The road ahead half an hour after that.

A short stop near the power lines
A short stop near the power lines

And again - aken on a leg stretch I the middle of the Sinai.
Then suddenly there was traffic banked up ahead of us before the gates and checkpoint that would let us onto the bridge. A large US ship was going under the bridge, so they had just closed it. Bob chatted to friendly guards, I sat in the car and read a book.

The Sinai Peninsula was much more interesting with large sand dunes encroaching on the road, scrubby growth, very poor looking towns without even glass in the windows of the houses, and surprisingly prolific gardens - though most of it looked the same. A large number of power poles followed the road through the sane dunes, and it looked odd - just sand and sky and masses of power poles, with the odd glimpse of grey sea. Bob is a historian (by interest) of the wars in this region, and enlivened the trip with stories of the campaigns in the towns we drove through, and the problems they had keeping enough water and food coming in for men and horses. I looked at the region we were driving though, and wondered why anyone would want to fight for it. The answer was, of course, control of the Suez Canal.

We are staying at a "resort". The room is fine - sparse and clean with two large beds. I have a heavy cold and I am recovering form a couple of days of the Pharaoh's Revenge. Bob went off for his meetings and helicopter ride, I walked the beach, and then the bed looked very inviting. Five am starts are just not my thing! The bed was very solid. I reached for the pillow and could hardly lift it!

The dining room in the middle of nowhere
The dining room in the middle of nowhere

We left again at 5.45 in the morning. I doubt if I will ever be used to these very early starts - but next time I am going up in the helicopter!


Breakfast at Alexandria

I promised more about Alexandria. Several days late, other than a truly spectacular seafood dinner at Abu Ashraf's the thing that has most lodged in my head is the oddity of our breakfast at the Windsor Palace Hotel.

We sat down for breakfast at a table with five seats, as there were no small tables left. Bob collected what he wanted quickly while I cruised an excellent buffet. When I returned he nodded quietly towards a plate with a single segment of orange on it, and a half cup of black coffee.

“She has been to the table twice and hasn’t yet acknowledged my existence.”

Then a gentleman sat down in the seat beside me. He didn't look at us.

In good Australian style I said ‘good morning’ and was ignored.

Then the lady (blond and slim enough to snap if she attempted to pullup her socks) came back with a half piece of burnt toast on her plate.

Bob waited till she was seated and very clearly and loudly said “good morning.”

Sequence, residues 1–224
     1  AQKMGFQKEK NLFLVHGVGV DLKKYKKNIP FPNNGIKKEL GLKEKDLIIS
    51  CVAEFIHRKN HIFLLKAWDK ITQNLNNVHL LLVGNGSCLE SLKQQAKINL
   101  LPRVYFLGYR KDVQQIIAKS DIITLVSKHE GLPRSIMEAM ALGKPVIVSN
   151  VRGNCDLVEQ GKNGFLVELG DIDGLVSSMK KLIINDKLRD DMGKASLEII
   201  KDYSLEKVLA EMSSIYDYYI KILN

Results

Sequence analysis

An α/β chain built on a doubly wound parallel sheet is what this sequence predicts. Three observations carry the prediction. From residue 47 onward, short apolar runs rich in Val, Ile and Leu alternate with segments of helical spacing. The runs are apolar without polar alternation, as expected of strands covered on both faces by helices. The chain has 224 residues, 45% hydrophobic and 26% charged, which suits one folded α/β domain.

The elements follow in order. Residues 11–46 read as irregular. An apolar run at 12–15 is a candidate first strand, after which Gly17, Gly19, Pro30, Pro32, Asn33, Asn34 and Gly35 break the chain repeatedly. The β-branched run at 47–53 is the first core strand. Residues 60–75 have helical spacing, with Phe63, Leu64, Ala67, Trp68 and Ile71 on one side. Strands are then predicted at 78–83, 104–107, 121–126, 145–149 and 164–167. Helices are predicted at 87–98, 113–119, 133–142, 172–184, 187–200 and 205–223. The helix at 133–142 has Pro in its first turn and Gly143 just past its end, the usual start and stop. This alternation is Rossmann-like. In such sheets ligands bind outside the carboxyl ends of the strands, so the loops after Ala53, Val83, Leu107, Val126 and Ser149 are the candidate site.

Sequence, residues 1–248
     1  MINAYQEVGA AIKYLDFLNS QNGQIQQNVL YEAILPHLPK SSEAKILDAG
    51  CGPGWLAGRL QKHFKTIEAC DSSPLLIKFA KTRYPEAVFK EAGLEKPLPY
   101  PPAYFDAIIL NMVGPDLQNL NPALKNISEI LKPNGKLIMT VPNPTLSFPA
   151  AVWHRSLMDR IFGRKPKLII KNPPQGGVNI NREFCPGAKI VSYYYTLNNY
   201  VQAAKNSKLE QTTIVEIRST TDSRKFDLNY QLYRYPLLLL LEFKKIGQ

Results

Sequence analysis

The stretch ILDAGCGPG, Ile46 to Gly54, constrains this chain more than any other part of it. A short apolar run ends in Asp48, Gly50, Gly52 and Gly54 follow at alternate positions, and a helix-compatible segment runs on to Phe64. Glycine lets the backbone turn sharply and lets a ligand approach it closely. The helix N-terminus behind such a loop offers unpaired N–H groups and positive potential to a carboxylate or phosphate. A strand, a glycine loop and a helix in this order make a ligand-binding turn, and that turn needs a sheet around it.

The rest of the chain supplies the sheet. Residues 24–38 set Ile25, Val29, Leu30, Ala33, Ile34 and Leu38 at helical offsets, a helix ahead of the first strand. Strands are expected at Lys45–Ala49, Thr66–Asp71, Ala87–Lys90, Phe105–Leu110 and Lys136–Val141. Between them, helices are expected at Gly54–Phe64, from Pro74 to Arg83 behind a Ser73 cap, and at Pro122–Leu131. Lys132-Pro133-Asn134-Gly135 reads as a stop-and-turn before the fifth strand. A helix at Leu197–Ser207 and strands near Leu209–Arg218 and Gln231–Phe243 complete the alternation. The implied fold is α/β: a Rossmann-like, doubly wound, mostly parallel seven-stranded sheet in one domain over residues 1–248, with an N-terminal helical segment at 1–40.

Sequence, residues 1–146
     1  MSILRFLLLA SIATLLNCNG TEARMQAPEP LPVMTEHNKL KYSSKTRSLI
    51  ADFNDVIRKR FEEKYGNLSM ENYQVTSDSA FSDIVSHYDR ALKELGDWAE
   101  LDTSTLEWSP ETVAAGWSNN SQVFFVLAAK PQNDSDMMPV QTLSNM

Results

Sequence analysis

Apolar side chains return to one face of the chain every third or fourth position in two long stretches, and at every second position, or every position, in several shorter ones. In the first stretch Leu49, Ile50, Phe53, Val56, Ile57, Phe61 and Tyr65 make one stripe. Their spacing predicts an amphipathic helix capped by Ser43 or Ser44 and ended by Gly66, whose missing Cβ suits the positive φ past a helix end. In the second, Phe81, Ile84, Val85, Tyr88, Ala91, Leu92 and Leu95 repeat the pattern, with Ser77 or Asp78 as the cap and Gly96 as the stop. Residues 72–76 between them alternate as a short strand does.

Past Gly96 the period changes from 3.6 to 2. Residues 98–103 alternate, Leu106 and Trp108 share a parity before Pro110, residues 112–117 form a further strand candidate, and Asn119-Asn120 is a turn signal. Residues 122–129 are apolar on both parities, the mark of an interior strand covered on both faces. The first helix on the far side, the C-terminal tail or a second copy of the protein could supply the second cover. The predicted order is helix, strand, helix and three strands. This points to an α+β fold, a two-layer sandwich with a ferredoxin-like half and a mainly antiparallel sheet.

She did not even look our way, but sat and gave all her attention to the man beside her.

Both began chatting loudly and very enthusiastically, with lots of nodding and ‘ja, ja’.

Bob said loudly “It is odd being ignored isn’t it?”

I nodded. The conversation had reached a rattling pace on the other side of the table. He was eating, she toyed with her half piece of burnt toast, then examined the segment of orange carefully, peeled off some stray white bits and put it back on her plate. She didn’t actually eat even one mouthful.

Bob said “I couldn’t keep up this level of conversation at the breakfast table.” He couldn’t either – he tends to move into business mode at breakfast, and ask me things like “What’s on your itinerary for today?”

He smiled across the table as the woman almost glanced our way, then her eyes skittered away like a frightened pony. She went back to talking with animation to her partner. It was all I could do not to just sit and stare, as it all felt so peculiar.

It reminded me of a time when I had dinner with an Austrian friend while living in Jordan. After the meal she rounded on me and accused me of terrible table manners, and said that was very bad for an Ambassador’s wife.

I was a bit non-plussed, and asked what I had done. She pointed out that while eating soup I had my left hand in my lap, not resting at the wrist on the table as it was supposed to be.

I pointed out that it seemed to me that hardly anyone had a wrist on the table, and she said “but they are not cultured, you are supposed to be.” I pointed out that I suspected that it was European manners, and was not known in Australia or Jordan and she said that she was glad she had told me so I could get it right in future.

Anyway, it suddenly occurred to me that this couple at the breakfast table was probably as appalled at our bad manners in acknowledging their existence, as we were appalled at theirs in not acknowledging us! Both of us were breeching etiquette according to our customs.

She ate nothing through a long breakfast, just reduced everything on her plate to very small pieces. We left without them ever even looking at us.